Viewing posts tagged pertwee

Why Not Make Some Coffee (The Time Warrior)

roofle pwned feminist
It's December 15, 1973. Slade is at number one with "Merry Xmas Everybody," with Gary Glitter, Roxy Music, Wizzard and Mott the Hoople also lurking in the charts. Slade holds #1 through Christmas, and into the new year, in the last real flourishing of glam.

I'd do the usual new season politics roundup, but I feel like the last entry did most of it. You've got the Yom Kippur War, tons more bad stuff in Northern Ireland, Pinochet's coup d'etat in Chile, Spiro Agnew's resignation, and the mounting hilarity of Watergate. While during this story, OPEC doubles the price of oil, and the Three-Day Week itself comes into force.

So let's get down to watching Doctor Who, since the nature of the blog as it gets to the end of an era is that I end up packing it with entries about things other than TV episodes. (There are, after this, four more Pertwee stories, but Robot is eight entries away.) And The Time Warrior, made at the end of the Season Ten block (i.e. a block where the show was, as I've said, on fire creatively), is ...

Pop Between Realities, Home in Time For Tea 14 (Dad's Army, Three-Day Week)

The stereotype, of course, is "stiff upper lip." Or as I put it last Christmas when my sister was stranded until December 23rd in Heathrow and she was baffled how a couple of inches of snow were something that took four days to clear, "why would the British fix something that they could just stoically endure?" It's one of the classic national myths of self-identity in the world. Every nation has them. The US are ambitious cowboys, the French have better taste than everyone else, and the British have the ability to keep a level head through anything. "Keep Calm and Carry On," as the idiom goes these days.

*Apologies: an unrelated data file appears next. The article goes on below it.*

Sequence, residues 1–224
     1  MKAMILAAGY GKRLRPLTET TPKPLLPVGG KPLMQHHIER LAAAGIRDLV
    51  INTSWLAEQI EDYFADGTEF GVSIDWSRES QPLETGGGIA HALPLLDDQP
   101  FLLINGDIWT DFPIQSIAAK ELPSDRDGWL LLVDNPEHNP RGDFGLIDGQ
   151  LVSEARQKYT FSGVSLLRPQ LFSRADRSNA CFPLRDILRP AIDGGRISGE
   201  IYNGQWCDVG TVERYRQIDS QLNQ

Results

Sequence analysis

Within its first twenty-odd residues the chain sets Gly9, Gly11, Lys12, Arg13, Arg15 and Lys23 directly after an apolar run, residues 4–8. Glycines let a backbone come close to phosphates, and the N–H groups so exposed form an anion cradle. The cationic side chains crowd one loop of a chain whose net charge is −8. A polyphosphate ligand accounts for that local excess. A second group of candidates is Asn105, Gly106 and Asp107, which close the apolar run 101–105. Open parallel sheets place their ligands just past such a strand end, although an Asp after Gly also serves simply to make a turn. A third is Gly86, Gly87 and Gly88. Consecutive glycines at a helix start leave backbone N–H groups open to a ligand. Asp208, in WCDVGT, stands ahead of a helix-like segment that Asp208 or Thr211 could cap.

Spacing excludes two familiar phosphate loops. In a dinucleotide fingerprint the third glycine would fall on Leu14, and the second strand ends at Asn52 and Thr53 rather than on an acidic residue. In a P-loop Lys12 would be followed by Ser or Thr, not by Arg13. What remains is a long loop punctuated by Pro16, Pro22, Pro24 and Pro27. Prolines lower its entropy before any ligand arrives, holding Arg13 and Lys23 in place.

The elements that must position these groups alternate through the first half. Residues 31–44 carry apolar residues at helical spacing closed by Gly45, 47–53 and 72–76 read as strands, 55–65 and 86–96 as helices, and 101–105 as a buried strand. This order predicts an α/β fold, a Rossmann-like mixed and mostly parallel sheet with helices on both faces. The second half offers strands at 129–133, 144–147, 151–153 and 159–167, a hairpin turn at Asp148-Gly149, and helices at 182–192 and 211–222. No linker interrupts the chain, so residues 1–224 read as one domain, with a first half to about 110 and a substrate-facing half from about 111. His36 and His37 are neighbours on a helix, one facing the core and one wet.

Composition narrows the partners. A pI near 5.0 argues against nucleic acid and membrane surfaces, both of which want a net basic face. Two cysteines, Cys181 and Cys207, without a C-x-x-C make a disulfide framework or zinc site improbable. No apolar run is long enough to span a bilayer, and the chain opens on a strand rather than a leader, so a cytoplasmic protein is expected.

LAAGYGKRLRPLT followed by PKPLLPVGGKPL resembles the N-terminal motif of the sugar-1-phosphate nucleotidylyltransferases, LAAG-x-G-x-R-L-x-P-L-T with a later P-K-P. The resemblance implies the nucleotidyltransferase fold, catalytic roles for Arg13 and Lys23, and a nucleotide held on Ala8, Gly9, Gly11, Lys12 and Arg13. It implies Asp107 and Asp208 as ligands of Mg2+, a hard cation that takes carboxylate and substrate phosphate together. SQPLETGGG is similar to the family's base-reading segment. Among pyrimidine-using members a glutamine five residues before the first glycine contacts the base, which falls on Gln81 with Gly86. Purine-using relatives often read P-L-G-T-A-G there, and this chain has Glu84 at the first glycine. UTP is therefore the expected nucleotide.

The origin of that idiom, of course, is World War II. The famous image was an unused propaganda poster in case of a German invasion of Britain, putting it squarely in the Battle of Britain mythology. And I should note, I use myth here not to suggest that the claims are untrue, but rather to suggest that they have an almost religious character to them. They're important not because they are true - i.e. because you can make useful decisions based on them - but because they are so widely ...

Tamper With The Forces of Creation (The Green Death)

Oh Cliff, you take me to the most romantic places.
It’s May 19, 1973. Wizzard is at number one with “See My Baby Jive,” which stays at number one for four weeks until Suzi Quatro’s “Can The Can” unseats it for a week, followed by 10cc’s “Rubber Bullets.” Also in the charts are The Sweet, Gary Glitter, David Bowie, T. Rex, Lou Reed, Alice Cooper, and, um... Perry Como. I’m exaggerating a little bit, as Stevie Wonder and Fleetwood Mac also chart. Since we haven’t talked about them in a while and it’s worth checking in occasionally, David Bowie’s Aladdin Sane is at the top, with Alice Cooper’s Billion Dollar Babies and Pink Floyd’s The Dark Side of the Moon all charting. Along with two Beatles compilations and 40 Fantastic Hits From The 50’s And 60’s. So a bit of a nostalgia trip creeping in there.